Oni is set in the year 2032 and if the game’s cover art at the beginning of this review didn’t clue you in, the setting, plot and style of the game draws heavily from Ghost in the Shell. Our protagonist, Konoko (voiced by some lady you’ve probably never heard of before…) is an agent for the TCTF, the Technological Crimes Task Force, or as I like to call them, the RIAA of the future. The planet is on the brink of ecological collapse and the totalitarian world state of the World Coalition Government maintains an iron grip on its populace. However, a crime syndicate called... The Syndicate… has set in motion a terrible plan that Konoko must thwart while also learning the truth of her own mysterious origins.
About the best comparison I could make for Oni is to liken it to something like Sleeping Dogs minus the open world aspect (which I’ll get back to later). The game is all about third person brawling and gunplay with a bit of platforming to boot as you pilot Konoko through levels knocking seven different kinds of stuffing out of enemies while occasionally engaging in light jumping, puzzles and even laser traps and turrets. Stealth is an option also but only at certain points and is nowhere as robust as the actual fist fighting but its presence is not unwelcome for the few times it is useful.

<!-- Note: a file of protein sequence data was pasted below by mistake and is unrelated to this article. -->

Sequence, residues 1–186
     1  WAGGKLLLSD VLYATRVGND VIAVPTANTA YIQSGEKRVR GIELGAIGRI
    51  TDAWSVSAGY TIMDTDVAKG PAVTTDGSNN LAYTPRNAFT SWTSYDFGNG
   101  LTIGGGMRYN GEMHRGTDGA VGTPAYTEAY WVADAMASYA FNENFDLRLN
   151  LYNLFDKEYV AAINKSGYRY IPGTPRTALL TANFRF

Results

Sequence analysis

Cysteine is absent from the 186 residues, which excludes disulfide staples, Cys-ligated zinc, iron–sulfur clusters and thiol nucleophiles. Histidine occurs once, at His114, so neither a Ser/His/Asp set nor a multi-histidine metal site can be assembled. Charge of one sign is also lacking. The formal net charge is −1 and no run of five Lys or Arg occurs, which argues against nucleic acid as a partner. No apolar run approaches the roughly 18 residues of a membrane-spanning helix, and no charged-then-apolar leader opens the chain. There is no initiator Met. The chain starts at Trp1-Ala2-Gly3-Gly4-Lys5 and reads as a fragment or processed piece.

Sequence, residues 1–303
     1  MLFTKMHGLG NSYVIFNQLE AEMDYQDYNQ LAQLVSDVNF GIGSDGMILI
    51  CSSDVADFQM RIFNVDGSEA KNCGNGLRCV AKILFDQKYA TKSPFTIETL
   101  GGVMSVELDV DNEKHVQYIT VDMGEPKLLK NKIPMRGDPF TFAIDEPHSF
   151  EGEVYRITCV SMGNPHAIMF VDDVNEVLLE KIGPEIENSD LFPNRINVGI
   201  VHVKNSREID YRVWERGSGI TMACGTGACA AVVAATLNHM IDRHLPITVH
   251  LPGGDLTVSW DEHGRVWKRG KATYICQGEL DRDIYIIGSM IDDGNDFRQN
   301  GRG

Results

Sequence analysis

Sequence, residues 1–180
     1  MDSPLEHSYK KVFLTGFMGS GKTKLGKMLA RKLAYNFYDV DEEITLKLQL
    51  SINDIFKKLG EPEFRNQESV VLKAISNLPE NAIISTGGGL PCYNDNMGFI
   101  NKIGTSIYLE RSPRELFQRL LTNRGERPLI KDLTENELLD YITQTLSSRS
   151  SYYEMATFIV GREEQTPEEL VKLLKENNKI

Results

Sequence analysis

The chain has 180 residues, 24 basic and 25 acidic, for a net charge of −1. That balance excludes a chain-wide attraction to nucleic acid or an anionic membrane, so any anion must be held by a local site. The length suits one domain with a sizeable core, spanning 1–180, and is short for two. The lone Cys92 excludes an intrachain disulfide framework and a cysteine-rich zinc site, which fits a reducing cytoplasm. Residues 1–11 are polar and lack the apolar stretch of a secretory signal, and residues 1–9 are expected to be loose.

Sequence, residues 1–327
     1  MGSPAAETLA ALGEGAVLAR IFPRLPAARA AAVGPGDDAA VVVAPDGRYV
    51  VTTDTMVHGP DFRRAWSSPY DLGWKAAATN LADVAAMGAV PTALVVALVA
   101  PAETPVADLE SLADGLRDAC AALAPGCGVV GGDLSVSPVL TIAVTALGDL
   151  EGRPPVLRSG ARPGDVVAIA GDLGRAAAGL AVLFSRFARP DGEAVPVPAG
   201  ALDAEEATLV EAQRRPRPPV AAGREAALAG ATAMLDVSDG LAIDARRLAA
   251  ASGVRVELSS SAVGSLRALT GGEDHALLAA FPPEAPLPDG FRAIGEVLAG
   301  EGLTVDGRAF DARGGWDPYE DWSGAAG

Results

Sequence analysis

Konoko’s movement feels unfortunately a bit tanky at times. It isn’t quite as sluggish as the likes of Resident Evil but for a game based around hand to hand combat it harms the fluidity markedly. Oddly enough this is compensated by the lack of a lock on feature: all melee attacks you make must be directed manually by yourself. There is some auto aim with the ranged weapons but beyond that you’re on your own with landing your hits accurately. This has the somewhat contradictory effect of making Konoko’s tanky movement feel less constraining in combat as you’re not being guided by an invisible hand, but also can cause some frustration, particularly as enemies will attack you from off camera without hesitation unlike in most spectacle fighters. Platforming segments can also prove annoying particularly with the laser trap segments as in order to sprint you must double tap the forward key or the stick forward rather than the more intuitive and modern idea of a sprint button, so obtaining the necessary motion to make certain jumps is not exactly plain sailing.